JLL: Cautious European logistics market amid slow economic growth in Q1 2012 (EU)

European logistics take-up for assets of over 5,000 m² in size (10,000 m² in the UK) weakened in Q1 2012 over a buoyant final quarter of 2011. Total take-up reached just under 3 million m², down 35% quarter-on-quarter, according to the latest research from Jones Lang LaSalle.

However, take-up remained more resilient in comparison with the same quarter last year (Q1 2011), down 16% and was still 15% ahead on the 10-year average, indicating on-going resilient logistics occupier markets despite the uncertain economic outlook.

Germany, France and Poland confirmed the top three ranking seen in 2011 as a whole, accounting for more than 50% of the European total in Q1 2012. While Germany was once again the most active market, with just under 1 million m² of floorspace taken-up, activity declined 16% year-on-year in Q1 on the record levels seen last year. Meanwhile both France and Poland saw higher take-up levels when compared to Q1 2011, up 13% and 18% respectively.

Elsewhere, activity rose in annual terms in the Netherlands (+38%) and Spain (+18%) but fell in Belgium (-69%), the Czech Republic (-53%), Hungary (-55%), Russia (-5%) and the UK (-56%).

"Overall, logistics occupiers have started to adopt a more cautious approach amid uncertain predictions of trade flows due to the continued uncertain economic outlook and the Eurozone sovereign debt crisis having started to impact on exports across the region.

"Nevertheless, we expect take-up levels to remain resilient during the remainder of the year driven by a number of structural changes such as outsourcing, e-commerce and in particular a more positive global outlook with ongoing strong household demand in emerging markets," comments Paul Betts, Head of EMEA Logistics and Industrial at Jones Lang LaSalle.

"Nevertheless, total take-up in 2012 as a whole is likely to be 15% behind the record volume seen last year," he adds.

New completions reached 1.5 million m² in Q1 2012 almost 80% ahead on the equivalent period last year (Q1 2011) while 31% down on the final quarter of 2011 when a high number of build-to-suit units was delivered. However, overall completion volumes in Q1 2012 were still significantly below the 10-year average.

Furthermore, while strong build-to-suit occupier activity in the second half of last year helped to sustain a continued rise in total floorspace under construction at the end of Q1 2012, the volume of new developments starting on site in January-March declined by 8% quarter-on-quarter, indicating a weakening development activity overall.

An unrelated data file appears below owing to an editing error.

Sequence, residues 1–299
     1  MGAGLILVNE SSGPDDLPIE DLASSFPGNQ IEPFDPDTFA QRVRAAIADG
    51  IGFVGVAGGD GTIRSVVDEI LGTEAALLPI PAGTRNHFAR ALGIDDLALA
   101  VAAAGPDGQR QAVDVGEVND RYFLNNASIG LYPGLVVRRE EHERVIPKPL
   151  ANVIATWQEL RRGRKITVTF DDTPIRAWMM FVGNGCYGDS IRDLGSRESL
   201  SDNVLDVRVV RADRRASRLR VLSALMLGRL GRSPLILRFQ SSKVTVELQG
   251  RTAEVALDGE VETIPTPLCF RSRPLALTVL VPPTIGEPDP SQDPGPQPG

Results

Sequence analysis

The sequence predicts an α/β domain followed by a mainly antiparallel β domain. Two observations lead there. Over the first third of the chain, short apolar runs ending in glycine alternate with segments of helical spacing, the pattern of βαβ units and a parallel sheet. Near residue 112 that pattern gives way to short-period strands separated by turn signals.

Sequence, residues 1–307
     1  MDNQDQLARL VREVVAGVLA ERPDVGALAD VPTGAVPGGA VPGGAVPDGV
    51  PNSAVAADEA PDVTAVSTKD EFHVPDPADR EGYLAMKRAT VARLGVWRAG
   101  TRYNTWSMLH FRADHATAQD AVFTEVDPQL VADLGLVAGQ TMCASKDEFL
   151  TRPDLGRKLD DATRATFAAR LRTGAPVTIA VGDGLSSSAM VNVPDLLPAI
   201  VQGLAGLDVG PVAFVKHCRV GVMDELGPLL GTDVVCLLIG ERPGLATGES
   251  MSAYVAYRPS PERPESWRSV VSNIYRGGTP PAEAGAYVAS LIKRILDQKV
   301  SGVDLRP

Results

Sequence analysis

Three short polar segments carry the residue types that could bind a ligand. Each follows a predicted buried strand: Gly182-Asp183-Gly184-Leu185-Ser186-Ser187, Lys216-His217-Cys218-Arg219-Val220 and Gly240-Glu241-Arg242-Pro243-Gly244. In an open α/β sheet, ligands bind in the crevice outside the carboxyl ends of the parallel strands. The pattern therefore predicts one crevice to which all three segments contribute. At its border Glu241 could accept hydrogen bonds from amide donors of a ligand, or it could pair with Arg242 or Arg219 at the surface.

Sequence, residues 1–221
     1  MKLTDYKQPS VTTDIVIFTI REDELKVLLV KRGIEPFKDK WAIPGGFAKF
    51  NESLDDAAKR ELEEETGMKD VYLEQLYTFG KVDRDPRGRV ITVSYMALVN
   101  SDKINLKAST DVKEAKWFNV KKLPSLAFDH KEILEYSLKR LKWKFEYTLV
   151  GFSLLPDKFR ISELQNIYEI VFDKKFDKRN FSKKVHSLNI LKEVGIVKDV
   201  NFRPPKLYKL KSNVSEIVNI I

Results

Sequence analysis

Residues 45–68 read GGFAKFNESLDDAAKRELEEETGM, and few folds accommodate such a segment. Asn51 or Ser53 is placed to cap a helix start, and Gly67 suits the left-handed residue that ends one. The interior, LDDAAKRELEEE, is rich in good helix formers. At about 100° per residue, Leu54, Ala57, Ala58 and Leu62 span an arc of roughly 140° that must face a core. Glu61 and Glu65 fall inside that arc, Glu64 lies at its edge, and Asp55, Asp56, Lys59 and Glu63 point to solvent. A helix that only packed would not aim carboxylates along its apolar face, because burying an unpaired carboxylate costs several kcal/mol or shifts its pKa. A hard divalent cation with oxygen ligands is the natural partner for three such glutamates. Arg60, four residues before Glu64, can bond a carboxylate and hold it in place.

Only Germany, the Netherlands and Russia bucked this trend, recording increasing development starts over the quarter and year-on-year.

In total 4.8 million m² remained under construction by end March 2012, with the vast majority of this space delivered on a non-speculative basis. As a result of continued non-speculative development, immediately available modern supply has virtually disappeared in the majority of prime logistics hubs across Europe.

Prime logistics rents remained broadly unchanged in the majority of markets in Q1 2012. Only two markets, Antwerp (+2.1%) and Brussels (+9.9%) recorded rental growth over the quarter, driven by dwindling supply levels. Meanwhile, rents fell in Amsterdam (-2.7%), Madrid (-3.3%) and London (-3.6%) due to a combination of slowing occupier activity and still higher vacancy rates.

"We expect prime rental levels to remain broadly unchanged in the majority of markets during the remainder of the year as scarce modern supply will still be outweighed by occupier demand. Logistics rents this year are expected to be led by Moscow, albeit with growth significantly slowing on last year's strong outcome.

"Some Western European markets are also expected to perform well, notably Belgium and Germany. Nevertheless, slowing activity amid uncertain economic growth is projected to lead to a modest decline in the European aggregate in annual terms in 2012" said Alexandra Tornow, Jones Lang LaSalle EMEA Logistics and Industrial Research.

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